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Last Updated on 27 Feb 2017

Author: Mario C.D. Paganini

CAPInv. 1984: to koinon ton en Kyproi tassomenon Thraikon kai ton synpoliteuomenon (l. sympoliteumenon)


i. Geographical area Cyprus
ii. Region Cyprus
iii. Site Salamis


i. Full name (original language) τὸ κοινὸν τῶν ἐν Κύπρωι τασσομένων Θραικῶν καὶ τῶν συνπολιτευομένων (l. συμπολιτευομένων) (Salamine de Chypre XIII.1 80, ll. 4-6)
ii. Full name (transliterated) to koinon ton en Kyproi tassomenon Thraikon kai ton synpoliteuomenon (l. sympoliteumenon)


i. Date(s) 116 (?) BC


ii. Name elements
Ethnic:Thraikes: Thracian mercenaries
Geographical:en Kyproi
Professional:tassomenoi: soldiers stationed on the island
Status-related:tassomenoi: soldiers stationed on the island
sympoliteuomenoi: fellow-members
iii. Descriptive terms κοινόν, koinon
Note koinon: Salamine de Chypre XIII.1 80, l. 4


i. Source(s) Salamine de Chypre XIII.1 80 (ca 116 BC)
Note See also: SEG 13: 554
Online Resources Salamine de Chypre XIII.1 80
i.a. Source type(s) Epigraphic source(s)
i.b. Document(s) typology & language/script Greek statue dedication to Ptolemy, styled as governor of Cyprus, son of king Ptolemy V Epiphanes, and future king of Egypt.
i.c. Physical format(s) Statue base


iii. Members As one can clearly surmise from the nomenclature of the group, membership of the koinon was formed by two units: 1) the hoi en tei nesoi tassomenon Thraikes (military members from Thrace stationed on Cyprus) and 2) the sympoliteuomenoi (the fellow members attached to the Thracian mercenaries: the non-military members, ie. Thracian civilians, presumably).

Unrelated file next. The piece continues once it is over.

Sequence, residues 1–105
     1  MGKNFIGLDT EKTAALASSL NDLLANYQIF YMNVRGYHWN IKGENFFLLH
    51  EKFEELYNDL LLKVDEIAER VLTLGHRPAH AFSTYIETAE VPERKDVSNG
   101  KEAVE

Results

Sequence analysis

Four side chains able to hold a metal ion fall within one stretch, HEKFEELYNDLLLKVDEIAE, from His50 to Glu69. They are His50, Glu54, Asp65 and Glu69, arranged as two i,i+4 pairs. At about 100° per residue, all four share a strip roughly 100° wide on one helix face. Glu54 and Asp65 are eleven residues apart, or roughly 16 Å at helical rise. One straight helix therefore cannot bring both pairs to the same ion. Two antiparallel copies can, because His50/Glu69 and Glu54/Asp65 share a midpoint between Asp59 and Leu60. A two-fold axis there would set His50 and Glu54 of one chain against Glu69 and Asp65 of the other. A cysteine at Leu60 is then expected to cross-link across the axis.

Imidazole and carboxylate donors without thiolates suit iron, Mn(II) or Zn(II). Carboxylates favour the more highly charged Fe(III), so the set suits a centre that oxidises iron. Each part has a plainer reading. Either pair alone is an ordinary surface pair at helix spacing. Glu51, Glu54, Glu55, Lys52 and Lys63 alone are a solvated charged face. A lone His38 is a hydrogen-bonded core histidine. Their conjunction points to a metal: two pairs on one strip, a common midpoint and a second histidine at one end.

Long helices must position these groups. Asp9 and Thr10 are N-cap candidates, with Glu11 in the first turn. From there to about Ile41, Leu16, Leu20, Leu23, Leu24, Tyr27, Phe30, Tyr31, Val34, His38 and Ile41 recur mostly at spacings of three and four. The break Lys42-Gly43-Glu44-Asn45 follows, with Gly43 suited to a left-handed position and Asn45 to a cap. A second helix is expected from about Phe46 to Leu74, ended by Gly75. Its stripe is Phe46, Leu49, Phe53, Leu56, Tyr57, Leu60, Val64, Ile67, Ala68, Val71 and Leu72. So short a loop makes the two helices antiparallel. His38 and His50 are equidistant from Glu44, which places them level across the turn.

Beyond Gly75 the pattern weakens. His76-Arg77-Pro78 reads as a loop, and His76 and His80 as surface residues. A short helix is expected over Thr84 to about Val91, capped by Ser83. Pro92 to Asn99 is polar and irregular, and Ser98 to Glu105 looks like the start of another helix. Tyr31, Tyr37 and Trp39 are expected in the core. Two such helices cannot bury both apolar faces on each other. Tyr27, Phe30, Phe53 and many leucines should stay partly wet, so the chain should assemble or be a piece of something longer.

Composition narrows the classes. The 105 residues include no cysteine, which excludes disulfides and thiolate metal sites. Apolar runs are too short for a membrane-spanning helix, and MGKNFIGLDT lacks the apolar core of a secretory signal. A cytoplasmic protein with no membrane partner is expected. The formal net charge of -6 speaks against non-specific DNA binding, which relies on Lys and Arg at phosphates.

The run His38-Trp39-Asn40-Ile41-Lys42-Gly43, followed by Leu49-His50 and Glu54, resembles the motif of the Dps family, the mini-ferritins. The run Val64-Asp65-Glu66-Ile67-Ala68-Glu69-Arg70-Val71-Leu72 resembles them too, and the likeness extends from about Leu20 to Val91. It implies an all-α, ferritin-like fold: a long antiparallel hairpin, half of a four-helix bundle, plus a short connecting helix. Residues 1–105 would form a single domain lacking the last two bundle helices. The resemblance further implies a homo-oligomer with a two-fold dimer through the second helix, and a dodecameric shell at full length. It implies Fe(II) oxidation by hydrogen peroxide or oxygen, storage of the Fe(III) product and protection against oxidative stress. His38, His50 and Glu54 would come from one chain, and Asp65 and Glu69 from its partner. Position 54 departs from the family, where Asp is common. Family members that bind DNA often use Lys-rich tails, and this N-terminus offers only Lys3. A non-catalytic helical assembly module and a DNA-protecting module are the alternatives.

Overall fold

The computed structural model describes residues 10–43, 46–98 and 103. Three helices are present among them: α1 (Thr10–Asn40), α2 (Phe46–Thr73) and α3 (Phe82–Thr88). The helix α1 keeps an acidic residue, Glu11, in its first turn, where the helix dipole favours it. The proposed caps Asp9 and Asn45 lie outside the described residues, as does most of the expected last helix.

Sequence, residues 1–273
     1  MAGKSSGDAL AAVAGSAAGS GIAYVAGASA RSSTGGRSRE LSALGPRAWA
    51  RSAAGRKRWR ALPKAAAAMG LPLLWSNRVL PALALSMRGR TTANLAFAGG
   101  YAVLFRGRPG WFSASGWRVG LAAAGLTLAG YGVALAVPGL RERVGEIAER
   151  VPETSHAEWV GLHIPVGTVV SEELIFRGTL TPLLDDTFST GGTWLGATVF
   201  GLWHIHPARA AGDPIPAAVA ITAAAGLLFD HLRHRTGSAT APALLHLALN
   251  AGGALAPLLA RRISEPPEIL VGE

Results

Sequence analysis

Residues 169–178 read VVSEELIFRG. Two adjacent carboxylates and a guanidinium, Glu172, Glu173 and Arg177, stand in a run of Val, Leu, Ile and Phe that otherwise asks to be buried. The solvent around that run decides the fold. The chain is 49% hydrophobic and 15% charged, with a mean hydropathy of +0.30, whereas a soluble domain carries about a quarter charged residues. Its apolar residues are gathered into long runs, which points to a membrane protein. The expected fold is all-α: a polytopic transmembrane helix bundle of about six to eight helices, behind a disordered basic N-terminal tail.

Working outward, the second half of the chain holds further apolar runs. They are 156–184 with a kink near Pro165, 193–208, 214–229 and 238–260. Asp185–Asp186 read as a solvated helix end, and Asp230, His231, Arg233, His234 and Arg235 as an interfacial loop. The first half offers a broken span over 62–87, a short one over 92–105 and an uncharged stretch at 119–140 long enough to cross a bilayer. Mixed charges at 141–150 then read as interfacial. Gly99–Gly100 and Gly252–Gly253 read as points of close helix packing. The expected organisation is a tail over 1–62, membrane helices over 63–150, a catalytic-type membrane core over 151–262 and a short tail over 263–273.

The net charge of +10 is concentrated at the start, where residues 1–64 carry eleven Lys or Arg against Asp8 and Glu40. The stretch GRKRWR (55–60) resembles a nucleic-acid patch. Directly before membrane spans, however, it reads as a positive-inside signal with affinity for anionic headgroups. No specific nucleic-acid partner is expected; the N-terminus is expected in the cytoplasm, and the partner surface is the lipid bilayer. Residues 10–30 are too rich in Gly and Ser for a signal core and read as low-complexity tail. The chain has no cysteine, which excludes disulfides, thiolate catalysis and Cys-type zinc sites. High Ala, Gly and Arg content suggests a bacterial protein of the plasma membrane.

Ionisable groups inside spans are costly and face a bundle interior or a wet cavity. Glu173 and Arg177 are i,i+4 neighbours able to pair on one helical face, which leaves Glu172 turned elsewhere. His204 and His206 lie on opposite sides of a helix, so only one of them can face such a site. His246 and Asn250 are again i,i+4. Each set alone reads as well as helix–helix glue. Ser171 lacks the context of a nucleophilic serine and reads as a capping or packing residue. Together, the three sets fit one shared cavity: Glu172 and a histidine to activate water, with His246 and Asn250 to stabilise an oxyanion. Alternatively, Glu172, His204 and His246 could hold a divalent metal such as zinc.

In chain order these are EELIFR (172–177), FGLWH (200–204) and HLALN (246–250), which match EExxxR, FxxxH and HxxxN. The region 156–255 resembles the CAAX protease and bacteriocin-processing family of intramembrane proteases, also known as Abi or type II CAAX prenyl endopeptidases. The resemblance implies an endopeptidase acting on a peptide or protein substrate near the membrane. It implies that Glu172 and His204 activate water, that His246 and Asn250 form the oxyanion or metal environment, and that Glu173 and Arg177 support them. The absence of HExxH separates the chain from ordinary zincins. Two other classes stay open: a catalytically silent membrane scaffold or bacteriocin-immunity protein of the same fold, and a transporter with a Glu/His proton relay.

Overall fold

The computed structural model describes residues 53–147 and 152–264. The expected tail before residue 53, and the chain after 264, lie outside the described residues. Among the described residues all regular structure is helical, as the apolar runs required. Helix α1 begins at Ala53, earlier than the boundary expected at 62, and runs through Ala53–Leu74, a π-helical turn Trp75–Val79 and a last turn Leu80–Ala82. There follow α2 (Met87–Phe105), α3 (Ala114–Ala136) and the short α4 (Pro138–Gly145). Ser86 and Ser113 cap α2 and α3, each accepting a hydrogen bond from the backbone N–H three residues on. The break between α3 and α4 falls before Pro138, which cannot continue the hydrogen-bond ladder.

ii. Gender Men
Note Given the main military character of the koinon, it is likely that members were men only.
iv. Status The koinon grouped together military men from Thrace, as well as potentially their Thracian fellow civilians, both settled on the island.


iv. Honours/Other activities The koinon honours Ptolemy son of Ptolemy V Epiphanes, with the title of governor of the island.


i. Comments On koina and sympoliteuomenoi of Cyprus see: Thompson Crawford 1984: 1073-4 and Kruse 2015: 292-6.
iii. Bibliography Kruse, T. (2015), 'Ethnic koina and politeumata in Ptolemaic Egypt'. in V. Gabrielsen and C. A. Thomsen (eds.), Private Associations and the Public Sphere: Proceedings of a Symposium held at the Royal Danish Academy of Sciences and Letters, 9-11 September 2010. Copenhagen: 270-300.
Thompson Crawford, D. J. (1984), 'The Idumaeans of Memphis and the Ptolemaic Politeumata', in Atti del XVII Congresso Internazionale di Papirologia. vol. 3. Napoli: 1069-75.


i. Private association Certain
Note The terminology employed (koinon) and the character of the group, together with parallels of other military koina on the island, point to a private association. It is less likely that the koinon was the loose community of mercenaries without a more structured and durable associational organisation.